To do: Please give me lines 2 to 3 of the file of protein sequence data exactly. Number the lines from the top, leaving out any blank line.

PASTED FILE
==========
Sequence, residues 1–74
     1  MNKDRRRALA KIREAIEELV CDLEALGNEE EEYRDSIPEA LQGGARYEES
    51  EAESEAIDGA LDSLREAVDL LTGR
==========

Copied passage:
     1  MNKDRRRALA KIREAIEELV CDLEALGNEE EEYRDSIPEA LQGGARYEES
    51  EAESEAIDGA LDSLREAVDL LTGR